Fuel Transportation Infrastructure
Dedicated pipelines, trains, biofuel tankers/barges, and trucks are needed for some fuels, whereas others can be transported over the existing fuel delivery network.
An efficient fuel transportation infrastructure is necessary in order to deliver advanced fuels from their production locations to the network of fueling stations that dispense them. Dedicated pipelines, trains, biofuel tankers/barges, and trucks are needed for some fuels, whereas others can be transported over the existing fuel delivery network. In general, the primary options for transporting relatively small volumes of fuel are rail and trucking. Over time, as fuel demand increases, investment in barges and eventually pipelines can be better justified. This infrastructure enables larger volumes of fuel to be delivered more efficiently and cost-effectively. For example, the vertically integrated Brazilian state-owned energy company, Petrobras, operates an extensive dedicated ethanol transport network via river barges, with the barges constructed by its subsidiary, Estaleiro Rio Tietê. For a given amount of fuel used, barges on the Tietê-Paraná waterway can reportedly move a unit of cargo five times farther than a truck can haul it on a Brazilian highway and 50% farther compared to rail.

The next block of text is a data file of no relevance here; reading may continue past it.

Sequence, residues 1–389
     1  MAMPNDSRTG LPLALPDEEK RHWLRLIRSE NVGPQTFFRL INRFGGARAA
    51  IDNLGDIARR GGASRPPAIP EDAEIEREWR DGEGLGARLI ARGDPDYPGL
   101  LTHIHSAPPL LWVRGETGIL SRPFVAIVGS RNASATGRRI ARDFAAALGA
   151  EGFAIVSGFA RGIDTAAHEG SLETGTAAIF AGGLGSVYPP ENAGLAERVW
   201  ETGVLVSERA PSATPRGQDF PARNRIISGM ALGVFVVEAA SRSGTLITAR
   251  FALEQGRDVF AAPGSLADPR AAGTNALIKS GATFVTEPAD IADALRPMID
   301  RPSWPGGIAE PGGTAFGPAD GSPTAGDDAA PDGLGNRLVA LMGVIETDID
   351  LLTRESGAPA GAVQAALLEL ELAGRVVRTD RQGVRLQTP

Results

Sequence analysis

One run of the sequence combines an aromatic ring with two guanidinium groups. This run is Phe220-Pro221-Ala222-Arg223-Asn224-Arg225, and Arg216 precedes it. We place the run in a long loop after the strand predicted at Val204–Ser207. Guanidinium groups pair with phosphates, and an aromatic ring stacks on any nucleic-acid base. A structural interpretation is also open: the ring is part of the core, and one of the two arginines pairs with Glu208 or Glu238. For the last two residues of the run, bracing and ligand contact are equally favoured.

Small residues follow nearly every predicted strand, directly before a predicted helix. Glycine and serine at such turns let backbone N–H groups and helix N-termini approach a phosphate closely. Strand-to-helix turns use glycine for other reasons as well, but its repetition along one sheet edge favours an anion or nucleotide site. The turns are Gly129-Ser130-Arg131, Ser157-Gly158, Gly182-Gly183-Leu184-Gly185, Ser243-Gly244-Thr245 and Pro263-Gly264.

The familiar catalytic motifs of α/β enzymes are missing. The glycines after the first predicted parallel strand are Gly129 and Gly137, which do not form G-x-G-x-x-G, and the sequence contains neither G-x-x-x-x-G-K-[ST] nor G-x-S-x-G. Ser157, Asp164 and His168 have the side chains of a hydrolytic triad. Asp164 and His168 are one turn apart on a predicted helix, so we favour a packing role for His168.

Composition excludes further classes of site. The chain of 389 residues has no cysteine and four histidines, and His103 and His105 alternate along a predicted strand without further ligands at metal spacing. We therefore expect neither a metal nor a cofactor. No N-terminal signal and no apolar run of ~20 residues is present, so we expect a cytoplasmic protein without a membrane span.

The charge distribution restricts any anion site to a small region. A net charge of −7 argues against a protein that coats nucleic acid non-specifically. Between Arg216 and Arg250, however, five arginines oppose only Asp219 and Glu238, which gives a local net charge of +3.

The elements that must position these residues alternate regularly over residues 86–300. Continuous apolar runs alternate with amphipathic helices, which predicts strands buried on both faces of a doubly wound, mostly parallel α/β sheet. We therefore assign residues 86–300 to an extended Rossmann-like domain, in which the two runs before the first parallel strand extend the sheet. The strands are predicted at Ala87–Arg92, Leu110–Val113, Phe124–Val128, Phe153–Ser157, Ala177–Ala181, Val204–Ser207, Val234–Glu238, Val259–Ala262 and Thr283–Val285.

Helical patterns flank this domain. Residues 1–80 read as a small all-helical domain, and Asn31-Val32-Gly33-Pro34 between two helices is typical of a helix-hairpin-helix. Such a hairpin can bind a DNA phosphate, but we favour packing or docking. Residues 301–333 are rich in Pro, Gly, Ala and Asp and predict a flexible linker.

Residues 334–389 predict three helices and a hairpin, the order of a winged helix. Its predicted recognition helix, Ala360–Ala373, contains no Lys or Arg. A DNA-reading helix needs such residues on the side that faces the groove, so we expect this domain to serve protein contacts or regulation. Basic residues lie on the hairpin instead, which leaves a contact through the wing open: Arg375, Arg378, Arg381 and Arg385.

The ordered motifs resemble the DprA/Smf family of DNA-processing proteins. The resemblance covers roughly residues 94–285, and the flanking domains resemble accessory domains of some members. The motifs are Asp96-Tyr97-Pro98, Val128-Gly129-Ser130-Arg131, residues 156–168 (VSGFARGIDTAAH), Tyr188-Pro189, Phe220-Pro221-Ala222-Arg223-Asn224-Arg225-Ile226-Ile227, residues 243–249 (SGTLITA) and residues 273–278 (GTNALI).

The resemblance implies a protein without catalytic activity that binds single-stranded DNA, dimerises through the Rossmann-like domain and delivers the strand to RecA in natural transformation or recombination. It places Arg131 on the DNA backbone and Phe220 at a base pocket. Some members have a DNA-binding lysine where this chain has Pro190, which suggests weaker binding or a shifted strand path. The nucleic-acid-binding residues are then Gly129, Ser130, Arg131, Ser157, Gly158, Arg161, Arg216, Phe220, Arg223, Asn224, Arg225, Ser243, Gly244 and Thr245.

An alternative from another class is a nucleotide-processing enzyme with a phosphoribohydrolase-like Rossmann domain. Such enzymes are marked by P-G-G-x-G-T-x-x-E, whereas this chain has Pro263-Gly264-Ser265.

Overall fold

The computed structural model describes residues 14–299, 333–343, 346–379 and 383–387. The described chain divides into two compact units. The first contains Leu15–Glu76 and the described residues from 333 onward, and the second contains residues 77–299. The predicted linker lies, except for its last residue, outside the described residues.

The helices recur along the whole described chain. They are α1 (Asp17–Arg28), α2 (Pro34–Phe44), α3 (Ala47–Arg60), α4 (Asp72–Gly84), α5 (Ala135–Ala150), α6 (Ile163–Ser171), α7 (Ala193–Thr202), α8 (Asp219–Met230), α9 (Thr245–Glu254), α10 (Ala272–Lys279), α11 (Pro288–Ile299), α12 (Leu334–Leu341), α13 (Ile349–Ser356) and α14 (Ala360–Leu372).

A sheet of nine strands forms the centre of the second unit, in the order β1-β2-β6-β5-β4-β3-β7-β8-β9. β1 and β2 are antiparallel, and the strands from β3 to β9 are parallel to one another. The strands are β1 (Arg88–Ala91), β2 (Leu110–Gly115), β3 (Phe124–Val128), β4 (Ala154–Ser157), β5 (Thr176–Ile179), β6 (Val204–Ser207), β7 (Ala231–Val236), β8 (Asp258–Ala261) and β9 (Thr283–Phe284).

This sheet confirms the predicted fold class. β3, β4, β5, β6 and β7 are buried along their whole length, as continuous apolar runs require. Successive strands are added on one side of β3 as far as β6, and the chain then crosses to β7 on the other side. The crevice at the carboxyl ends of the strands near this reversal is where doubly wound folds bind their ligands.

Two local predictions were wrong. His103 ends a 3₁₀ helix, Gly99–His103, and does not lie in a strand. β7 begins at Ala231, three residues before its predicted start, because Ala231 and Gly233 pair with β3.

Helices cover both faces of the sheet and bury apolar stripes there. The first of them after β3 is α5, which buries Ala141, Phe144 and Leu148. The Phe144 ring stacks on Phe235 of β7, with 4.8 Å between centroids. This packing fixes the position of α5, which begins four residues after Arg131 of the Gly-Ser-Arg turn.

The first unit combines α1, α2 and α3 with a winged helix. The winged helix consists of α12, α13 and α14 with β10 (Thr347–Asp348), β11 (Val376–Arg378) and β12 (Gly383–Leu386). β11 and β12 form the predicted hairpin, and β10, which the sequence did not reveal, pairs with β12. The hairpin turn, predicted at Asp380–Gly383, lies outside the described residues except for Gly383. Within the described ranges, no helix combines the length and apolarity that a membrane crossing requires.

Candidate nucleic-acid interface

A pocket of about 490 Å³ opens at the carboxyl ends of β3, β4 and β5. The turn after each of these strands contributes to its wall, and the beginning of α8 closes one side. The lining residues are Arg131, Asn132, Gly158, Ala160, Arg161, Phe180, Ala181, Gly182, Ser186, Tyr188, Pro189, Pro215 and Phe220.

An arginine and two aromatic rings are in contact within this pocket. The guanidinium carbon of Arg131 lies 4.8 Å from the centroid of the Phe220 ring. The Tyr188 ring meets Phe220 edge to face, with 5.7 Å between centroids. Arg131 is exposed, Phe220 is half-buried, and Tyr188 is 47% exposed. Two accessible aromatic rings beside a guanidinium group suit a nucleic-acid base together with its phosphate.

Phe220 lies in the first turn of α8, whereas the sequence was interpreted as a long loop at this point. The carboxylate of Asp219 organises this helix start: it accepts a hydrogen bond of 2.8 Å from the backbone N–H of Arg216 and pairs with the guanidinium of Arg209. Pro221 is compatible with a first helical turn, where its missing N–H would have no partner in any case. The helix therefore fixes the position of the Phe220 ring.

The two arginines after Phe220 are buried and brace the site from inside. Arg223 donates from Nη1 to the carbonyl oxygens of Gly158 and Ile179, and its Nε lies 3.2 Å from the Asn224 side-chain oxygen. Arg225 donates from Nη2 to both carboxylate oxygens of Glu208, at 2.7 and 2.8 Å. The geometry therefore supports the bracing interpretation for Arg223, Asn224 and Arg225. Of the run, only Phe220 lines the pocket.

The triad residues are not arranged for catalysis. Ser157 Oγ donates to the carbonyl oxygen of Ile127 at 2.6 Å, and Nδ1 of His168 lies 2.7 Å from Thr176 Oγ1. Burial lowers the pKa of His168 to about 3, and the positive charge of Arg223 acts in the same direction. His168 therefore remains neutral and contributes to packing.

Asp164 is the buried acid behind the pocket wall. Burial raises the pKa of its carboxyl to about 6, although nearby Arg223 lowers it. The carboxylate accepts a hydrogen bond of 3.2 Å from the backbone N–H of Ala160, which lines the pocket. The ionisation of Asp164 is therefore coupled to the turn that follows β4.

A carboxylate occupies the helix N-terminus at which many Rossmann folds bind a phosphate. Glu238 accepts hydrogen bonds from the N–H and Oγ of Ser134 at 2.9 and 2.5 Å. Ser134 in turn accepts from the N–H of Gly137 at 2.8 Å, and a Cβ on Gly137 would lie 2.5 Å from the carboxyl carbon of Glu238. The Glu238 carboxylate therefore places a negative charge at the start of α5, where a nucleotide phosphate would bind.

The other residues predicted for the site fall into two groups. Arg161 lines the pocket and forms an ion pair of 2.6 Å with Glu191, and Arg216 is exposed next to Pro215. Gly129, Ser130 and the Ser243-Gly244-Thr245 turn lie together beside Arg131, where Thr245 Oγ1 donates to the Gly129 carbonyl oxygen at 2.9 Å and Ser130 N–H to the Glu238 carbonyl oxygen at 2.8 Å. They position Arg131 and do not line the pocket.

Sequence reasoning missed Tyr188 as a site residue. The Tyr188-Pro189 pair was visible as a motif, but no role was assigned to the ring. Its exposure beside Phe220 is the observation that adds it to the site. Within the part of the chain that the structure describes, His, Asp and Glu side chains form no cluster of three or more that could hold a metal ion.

Another example is Kinder Morgan, one of the largest U.S. energy companies, which owns an interest in or operates about 75,000 miles of pipelines. Its pipelines transport natural gas, gasoline, crude oil, carbon dioxide (CO2), and ethanol. In 2008, the company claimed to be the first to transport ethanol through a pipeline for commercial use, and it continues to move denatured ethanol and gasoline shipments through its Central Florida Pipeline from Tampa to Orlando. The company also moves biodiesel through its 115-mile Oregon Pipeline that spans from Portland to Eugene.
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